Original Article

Volume 37, Issue 3 Page (1 - )

https://doi.org/10.51441/BioMedica/5-501

Trucut biopsy as a first line diagnostic modality for equivocal or suspicious breast masses: an experience from a teaching hospital in Khyber Pukhtunkhwa


Authors: Sheikh Qais Falah, Iram Bashir, Arshad Ali Marwat, Asif Shams


Authors

Sheikh Qais Falah

Associate Professor, Department of Surgery, Gomal Medical College, Dera Ismail Khan- Pakistan.

Iram Bashir

Senior Registrar, Surgical Unit, Mufti Mehmood Memorial Teaching Hospital, Dera Ismail Khan- Pakistan.

Arshad Ali Marwat

Professor of Surgery, Gomal Medical College, Dera Ismail Khan- Pakistan.

Asif Shams

Medical Officer, Surgical Unit, Mufti Mehmood Memorial Teaching Hospital, Dera Ismail Khan- Pakistan.

Publication History

Received: September 28, 2021

Accepted:

Published: November 09, 2021


Abstract


Background and Objective: Trucut biopsy (TCB) is a commonly used technique for histopathological diagnosis of a clinically and radiologically equivocal or suspicious breast mass. This study aimed to determine the sensitivity and specificity of TCB in the diagnosis of equivocal or suspicious breast masses at local tertiary care hospital in Khyber Pukhtunkhwa.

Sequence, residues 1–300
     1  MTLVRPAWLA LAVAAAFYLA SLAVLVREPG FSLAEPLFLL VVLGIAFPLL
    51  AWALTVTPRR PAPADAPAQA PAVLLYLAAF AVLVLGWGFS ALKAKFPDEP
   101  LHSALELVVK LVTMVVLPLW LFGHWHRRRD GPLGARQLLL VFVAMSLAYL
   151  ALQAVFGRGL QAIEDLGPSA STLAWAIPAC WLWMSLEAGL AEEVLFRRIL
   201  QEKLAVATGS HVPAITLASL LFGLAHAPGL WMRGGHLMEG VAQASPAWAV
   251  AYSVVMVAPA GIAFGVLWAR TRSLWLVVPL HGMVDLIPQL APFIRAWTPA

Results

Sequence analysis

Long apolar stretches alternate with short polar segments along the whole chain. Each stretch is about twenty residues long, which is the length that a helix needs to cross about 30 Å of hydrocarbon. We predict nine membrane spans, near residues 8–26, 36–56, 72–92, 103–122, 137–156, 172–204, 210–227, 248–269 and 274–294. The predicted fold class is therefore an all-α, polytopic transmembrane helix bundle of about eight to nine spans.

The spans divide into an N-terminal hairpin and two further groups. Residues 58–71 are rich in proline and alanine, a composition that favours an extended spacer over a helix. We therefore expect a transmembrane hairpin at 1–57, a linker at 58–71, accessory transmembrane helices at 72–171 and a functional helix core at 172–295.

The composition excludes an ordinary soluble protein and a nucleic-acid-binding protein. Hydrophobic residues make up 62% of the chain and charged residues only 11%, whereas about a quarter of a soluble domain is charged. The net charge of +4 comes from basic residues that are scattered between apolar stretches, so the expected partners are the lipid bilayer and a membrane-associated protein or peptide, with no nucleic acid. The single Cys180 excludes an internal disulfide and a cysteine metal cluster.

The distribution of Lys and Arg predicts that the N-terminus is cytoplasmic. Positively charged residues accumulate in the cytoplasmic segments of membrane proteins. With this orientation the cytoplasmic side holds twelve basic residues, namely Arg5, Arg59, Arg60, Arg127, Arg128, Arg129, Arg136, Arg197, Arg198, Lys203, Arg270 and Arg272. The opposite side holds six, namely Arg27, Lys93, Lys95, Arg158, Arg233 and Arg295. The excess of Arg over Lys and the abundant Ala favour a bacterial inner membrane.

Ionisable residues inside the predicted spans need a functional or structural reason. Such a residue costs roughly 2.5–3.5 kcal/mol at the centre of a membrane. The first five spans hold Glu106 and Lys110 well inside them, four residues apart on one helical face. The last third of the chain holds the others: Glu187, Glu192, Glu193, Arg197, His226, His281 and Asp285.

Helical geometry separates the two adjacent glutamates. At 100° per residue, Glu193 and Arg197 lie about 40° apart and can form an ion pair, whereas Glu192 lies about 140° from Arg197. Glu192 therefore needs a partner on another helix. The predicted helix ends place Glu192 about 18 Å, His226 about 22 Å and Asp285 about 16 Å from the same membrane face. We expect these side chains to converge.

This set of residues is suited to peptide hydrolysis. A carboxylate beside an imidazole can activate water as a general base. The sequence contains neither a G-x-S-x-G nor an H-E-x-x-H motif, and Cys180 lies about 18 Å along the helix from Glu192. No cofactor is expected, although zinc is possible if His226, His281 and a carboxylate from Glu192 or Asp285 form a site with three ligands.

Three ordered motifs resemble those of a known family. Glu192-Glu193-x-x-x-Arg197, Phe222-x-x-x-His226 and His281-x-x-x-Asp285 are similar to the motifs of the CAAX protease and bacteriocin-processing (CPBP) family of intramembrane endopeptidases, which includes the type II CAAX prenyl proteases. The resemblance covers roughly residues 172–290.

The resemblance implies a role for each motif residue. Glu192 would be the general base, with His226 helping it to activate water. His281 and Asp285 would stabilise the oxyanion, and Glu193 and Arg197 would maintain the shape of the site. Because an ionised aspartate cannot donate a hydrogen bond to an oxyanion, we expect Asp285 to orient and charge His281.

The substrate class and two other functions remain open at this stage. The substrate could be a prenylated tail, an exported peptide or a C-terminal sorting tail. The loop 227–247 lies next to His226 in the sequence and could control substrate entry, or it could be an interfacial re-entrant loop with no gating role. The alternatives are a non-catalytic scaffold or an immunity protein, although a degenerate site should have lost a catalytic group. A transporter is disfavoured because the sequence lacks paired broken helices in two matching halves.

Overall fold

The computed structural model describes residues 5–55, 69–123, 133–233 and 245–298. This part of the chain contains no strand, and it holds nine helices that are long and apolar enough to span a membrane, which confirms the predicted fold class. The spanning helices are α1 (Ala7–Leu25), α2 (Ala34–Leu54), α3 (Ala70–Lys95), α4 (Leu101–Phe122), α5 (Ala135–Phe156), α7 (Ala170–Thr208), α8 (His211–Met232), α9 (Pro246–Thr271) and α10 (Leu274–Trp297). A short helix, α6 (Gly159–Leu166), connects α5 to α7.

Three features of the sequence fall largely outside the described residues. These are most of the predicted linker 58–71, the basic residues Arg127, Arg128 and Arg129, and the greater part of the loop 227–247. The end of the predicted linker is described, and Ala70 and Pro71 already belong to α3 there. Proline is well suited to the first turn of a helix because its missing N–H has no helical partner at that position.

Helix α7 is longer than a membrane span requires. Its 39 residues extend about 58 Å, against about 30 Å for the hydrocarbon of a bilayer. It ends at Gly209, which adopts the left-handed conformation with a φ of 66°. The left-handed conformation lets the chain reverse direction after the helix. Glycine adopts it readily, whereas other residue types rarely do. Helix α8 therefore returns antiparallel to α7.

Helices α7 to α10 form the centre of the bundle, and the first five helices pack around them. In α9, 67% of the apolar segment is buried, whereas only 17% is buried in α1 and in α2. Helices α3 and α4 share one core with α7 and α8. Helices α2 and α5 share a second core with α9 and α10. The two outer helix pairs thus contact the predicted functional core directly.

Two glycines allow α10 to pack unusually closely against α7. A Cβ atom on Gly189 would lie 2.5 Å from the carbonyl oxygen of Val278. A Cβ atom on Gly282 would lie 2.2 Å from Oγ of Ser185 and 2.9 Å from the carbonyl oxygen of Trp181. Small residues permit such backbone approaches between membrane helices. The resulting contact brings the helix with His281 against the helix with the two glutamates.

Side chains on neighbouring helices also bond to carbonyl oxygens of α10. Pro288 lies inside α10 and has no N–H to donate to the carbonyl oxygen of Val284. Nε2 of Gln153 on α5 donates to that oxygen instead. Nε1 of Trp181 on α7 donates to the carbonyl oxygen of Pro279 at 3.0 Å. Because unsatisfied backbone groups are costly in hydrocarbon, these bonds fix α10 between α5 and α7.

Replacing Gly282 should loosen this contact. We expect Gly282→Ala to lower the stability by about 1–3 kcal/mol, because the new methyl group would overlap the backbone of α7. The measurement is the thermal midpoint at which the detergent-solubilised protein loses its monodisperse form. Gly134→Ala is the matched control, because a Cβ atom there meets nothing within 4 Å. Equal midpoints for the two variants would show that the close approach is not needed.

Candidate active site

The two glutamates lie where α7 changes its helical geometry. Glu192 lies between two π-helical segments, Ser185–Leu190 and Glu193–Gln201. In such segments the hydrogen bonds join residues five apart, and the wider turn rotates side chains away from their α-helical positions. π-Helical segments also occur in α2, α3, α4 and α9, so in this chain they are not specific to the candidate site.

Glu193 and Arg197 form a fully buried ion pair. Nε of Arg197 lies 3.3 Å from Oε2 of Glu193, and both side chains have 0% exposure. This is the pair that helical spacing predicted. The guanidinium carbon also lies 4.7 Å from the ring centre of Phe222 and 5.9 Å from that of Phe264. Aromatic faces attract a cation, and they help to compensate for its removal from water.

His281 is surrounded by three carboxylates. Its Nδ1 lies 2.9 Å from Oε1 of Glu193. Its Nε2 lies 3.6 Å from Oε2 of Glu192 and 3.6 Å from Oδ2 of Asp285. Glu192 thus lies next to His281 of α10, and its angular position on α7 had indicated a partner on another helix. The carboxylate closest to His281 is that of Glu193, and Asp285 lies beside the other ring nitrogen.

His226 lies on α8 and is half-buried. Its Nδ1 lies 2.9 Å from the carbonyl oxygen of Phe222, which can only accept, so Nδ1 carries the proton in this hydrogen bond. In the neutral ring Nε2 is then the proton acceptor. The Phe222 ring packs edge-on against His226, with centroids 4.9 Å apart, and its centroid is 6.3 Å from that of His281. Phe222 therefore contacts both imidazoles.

Methods: This descriptive cross-sectional study was conducted at the surgical unit of Mufti Mehmood Memorial Teaching Hospital, Dera Ismail Khan, Pakistan. The study included 80 patients who presented with equivocal or suspicious breast masses from September, 2015 to December, 2020. The patients underwent TCB and after the histopathology report, they were followed by a definitive surgical procedure. The histopathology diagnosis following TCB was compared with the histopathology report of postsurgical specimen to determine the sensitivity, specificity, positive predictive value (PPV), and negative predictive value (NPV) of TCB taking post-surgery histopathology as a gold standard for diagnosis.